Comparative characterization of mesenchymal bone marrow stromal cells at early and late stages of culturing

Biology Bulletin (Impact Factor: 0.25). 03/2008; 35(2):132-138. DOI: 10.1134/S1062359008020064


The mesenchymal stromal cell is a multipotent precursor of osteoblasts, adipocytes, and some other cell types. In this study,
a comparative analysis of cultured mesenchymal stromal cells from the rat bone marrow at the early and late stages of subculturing
has been performed using molecular genetic and cytological methods. The culture has undergone 11 passages during 140 days.
Upon long-term culturing, the mesenchymal stromal cells have proved to lose their potential for adipogenic differentiation
but preserve the potential for osteogenesis. Morphological characters typical of osteogenic differentiation can be observed
at the earlier stages of culturing (passages 1–4) but disappear at later stages (passages 9–11), despite mineralization of
the extracellular matrix and the expression of osteogenic differentiation markers. A comparative analysis of the proliferation
potential of stromal cells has shown that differences in the period of cell population doubling at the early and later stages
of culturing are insignificant. An almost complete arrest of cell growth has been observed in the middle of the culture period
(passages 5 and 6).

Download full-text


Available from: Arsen Mikaelyan, Apr 16, 2015
  • [Show abstract] [Hide abstract]
    ABSTRACT: First Page of the Article
    No preview · Conference Paper · Oct 1992
  • Source
    [Show abstract] [Hide abstract]
    ABSTRACT: In recent years mesenchymal stem cells (MSCs) have generated a great deal of excitement as an attractive alternative to embryonic stem cells (ESCs) in cell-based regenerative medicine. In contrast to cells of embryonic origin, however, the clinical application of MSCs is heavily restricted by their finite ability of self-renewal, in which they resemble the rest of the somatic cells. Yet the mechanisms controlling MSC proliferation and senescence remain unclear. This review summarizes recent advances in our understanding of the factors affecting MSC expansion in vitro and discusses the pattern of their senescence with particular emphasis on the role of telomere shortening, activation of effectory pathways, and oxidative stress. The issues associated with MSC growth and senescence will be shown in the context of other somatic cells, and all of the parallels and disparities will be delineated precisely.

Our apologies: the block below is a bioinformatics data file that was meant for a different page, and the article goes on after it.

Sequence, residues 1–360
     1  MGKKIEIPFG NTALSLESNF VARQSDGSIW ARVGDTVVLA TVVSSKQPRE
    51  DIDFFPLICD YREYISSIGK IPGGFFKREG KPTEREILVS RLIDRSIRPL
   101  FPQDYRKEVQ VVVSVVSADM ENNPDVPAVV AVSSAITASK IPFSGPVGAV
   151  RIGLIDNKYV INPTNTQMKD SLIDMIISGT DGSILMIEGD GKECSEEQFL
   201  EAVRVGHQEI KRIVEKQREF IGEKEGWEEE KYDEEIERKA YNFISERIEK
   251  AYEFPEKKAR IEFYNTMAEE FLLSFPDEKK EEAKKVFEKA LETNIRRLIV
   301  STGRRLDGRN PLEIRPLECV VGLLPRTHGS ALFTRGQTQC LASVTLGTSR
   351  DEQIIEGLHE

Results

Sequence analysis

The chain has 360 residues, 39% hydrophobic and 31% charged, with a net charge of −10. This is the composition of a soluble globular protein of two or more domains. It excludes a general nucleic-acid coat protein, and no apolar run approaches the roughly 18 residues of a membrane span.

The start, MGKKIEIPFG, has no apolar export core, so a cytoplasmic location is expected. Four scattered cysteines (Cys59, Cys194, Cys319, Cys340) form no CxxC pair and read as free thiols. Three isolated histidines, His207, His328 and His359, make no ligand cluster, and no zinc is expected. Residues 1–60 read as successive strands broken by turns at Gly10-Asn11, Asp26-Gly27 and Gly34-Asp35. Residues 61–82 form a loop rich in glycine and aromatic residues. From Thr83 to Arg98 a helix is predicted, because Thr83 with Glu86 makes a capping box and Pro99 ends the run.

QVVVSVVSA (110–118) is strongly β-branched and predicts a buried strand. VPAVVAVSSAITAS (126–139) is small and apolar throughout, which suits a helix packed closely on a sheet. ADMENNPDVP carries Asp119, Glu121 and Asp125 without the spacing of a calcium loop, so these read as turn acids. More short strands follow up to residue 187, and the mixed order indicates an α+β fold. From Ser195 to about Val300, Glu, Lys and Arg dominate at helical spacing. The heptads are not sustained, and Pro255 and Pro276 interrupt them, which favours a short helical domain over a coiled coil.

Full-text · Article · May 2009 · Rejuvenation Research
  • [Show abstract] [Hide abstract]
    ABSTRACT: This study has aimed to repopulate 'primitive' cells from late-passage mesenchymal stem cells (MSCs) of poor multipotentiality and low cell proliferation rate, by simply altering plating density. Effects of low density culture compared t high density culture on late-passage bone marrow (BM)-derived MSCs and pluripotency markers of multipotentiality were investigated. Cell proliferation, gene expression, RNA interference and differentiation potential were assayed. We repopulated 'primitive' cells by replating late-passage MSCs at low density (17 cells/cm(2) ) regardless of donor age. Repopulated MSCs from low-density culture were smaller cells with spindle shaped morphology compared to MSCs from high-density culture. The latter had enhanced colony-forming ability, proliferation rate, and adipogenic and chondrogenic potential. Strong expression of osteogenic-related genes (Cbfa1, Dlx5, alkaline phosphatase and type Ι collagen) in late-passage MSCs was reduced by replating at low density, whereas expression of three pluripotency markers (Sox2, Nanog and Oct-4), Osterix and Msx2 reverted to levels of early-passage MSCs. Knockdown of Sox2 and Msx2 but not Nanog, using RNA interference, showed significant decrease in colony-forming ability. Specifically, knockdown of Sox2 significantly inhibited multipotentiality and cell proliferation. Our data suggest that plating density should be considered to be a critical factor for enrichment of 'primitive' cells from heterogeneous BM and that replicative senescence and multipotentiality of MSCs during in vitro expansion may be predominantly regulated through Sox2.
    No preview · Article · Oct 2011 · Cell Proliferation
Show more

Similar Publications